I've spent the last few weeks divulging all my publishing secrets and giving away a slew of first chapter and query critiques to get you all on your way. But there's something else I think needs to be said.
I remember how excruciating it was to have manuscripts out with agents. Here's me waiting. And here's me waiting some more. I was so excited when I got "the call," as evidenced here, here, and here. It was only two years ago, but things were different then. There were some basic questions I needed to ask the agents who offered rep: What was her submission plan for my book? What sort of revisions would she want? What was the agency's commission structure? Did the agency sign the author, or the project? What were the terms of the agency agreement?
What I didn't have to ask is if the agency was involved in self-e-publishing.
Here's the thing. Another literary agency has announced they're opening an e-publishing arm to "assist their clients who wish to self publish." This is the largest agency I'm aware of that has taken this step. It makes me sad.
I get that things are changing in the publishing world. They're changing faster than many people anticipated. But the one thing that should never change is that the purpose of a literary agent is to advocate for his/her client (which is the author, in case I lost you). The harsh reality is that not every novel will sell to a traditional publisher, and self-publishing is becoming a more viable option as that market expands. If a agent has exhausted all traditional avenues and a project hasn't sold, whether to self-publish or not is a personal decision that an author needs to make in consultation with his/her agent.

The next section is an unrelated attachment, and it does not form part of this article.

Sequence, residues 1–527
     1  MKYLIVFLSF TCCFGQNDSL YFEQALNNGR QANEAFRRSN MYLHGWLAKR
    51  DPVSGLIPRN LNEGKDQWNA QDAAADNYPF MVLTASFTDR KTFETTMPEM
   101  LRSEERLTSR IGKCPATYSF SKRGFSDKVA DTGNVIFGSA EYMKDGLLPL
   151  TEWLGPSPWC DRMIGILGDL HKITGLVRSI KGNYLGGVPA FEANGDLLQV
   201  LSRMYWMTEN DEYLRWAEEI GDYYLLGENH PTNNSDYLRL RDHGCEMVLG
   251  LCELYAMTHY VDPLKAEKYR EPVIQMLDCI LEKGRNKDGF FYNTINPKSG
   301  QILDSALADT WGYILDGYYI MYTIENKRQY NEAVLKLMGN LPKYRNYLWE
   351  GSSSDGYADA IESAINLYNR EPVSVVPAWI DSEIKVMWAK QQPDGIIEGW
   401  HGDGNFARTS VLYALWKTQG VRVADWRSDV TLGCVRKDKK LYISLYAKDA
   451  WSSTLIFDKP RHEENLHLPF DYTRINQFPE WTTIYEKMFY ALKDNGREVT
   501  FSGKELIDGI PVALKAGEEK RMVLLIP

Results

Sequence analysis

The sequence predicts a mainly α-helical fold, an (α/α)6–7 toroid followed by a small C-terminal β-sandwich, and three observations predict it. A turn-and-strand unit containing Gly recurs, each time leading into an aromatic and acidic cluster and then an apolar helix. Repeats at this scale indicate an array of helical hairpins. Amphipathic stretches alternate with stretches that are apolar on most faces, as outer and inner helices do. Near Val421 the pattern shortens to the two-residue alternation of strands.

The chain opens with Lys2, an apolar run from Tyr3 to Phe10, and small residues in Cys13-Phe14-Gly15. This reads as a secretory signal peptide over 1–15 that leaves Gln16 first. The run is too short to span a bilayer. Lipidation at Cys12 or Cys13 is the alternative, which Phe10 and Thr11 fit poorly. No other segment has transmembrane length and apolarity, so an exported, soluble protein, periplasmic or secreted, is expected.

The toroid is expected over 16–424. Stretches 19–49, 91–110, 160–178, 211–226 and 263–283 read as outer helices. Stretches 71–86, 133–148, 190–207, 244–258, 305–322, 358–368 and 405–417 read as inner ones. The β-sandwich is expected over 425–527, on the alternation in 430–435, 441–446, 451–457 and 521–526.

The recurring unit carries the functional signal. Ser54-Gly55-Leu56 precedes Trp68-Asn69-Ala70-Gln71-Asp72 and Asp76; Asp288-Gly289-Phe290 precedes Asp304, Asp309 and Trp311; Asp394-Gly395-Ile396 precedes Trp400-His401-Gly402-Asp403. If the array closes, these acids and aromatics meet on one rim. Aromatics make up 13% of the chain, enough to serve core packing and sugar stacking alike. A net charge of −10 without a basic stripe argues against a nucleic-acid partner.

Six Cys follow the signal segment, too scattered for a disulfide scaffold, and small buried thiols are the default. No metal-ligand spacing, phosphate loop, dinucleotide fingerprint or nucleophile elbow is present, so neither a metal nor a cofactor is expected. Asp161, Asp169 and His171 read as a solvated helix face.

But, here's the rub.
If my agent's agency has a self-publishing arm, where they stand to make at least the same 15% commission (which is the standard commission most agents charge when they sell your project to a traditional publisher, and which seems to be what they're charging to self-publish your project in their self-publishing arm) then, when my agent comes to me and says, "We gave it the old college try and it just didn't sell. I think you should consider our self-publishing option," how do I know he/she actually gave my project 100%? How do I know he/she tried his/her hardest to sell it to a traditional publisher? They stand to make money either way, so why knock themselves out? It all comes down to how much you trust your agent, but, knowing myself, I'd always wonder.
The bigger problem is that there will always be issues that need to be resolved between an author and his/her publisher, whether it be a traditional publisher, or a self-e-publisher. Most of these issues are things a new author could never anticipate. Some are small and some are major. What's supposed to happen is that an author takes the issue to his/her agent, who acts as an intermediary between the author and the editor. You are paying your agent 15% of everything you make to be your advocate, and that is money well spent. But what happens if your agent is also your publisher? When your agent is the one you have an issue with, who's going to advocate for you? No one, that's who.
As a published author, I find this disturbing and alarming. As an aspiring writer, I'd find it downright terrifying.
So, a word of caution: To get an offer of representation is like hitting the jackpot for most aspiring writers. It's easy to get all, "SQUEE!" and "OMG! I'M GONNA BE THE NEXT STEPHENIE MEYER!" But don't get so excited that you forget to ask that perspective agent what happens if your book doesn't sell. And if, in the end, you decide to go the self publishing route, your agent's going to take their 15% either way, so I'd encourage you to seek out a publisher unaffiliated with your agent or his/her agency to avoid a serious conflict of interest. If they arm-twist you into staying in-house, I'd question whether they have your best interest at heart. You need your agent to be your agent and nothing else (except maybe your friend).
Good luck and happy writing!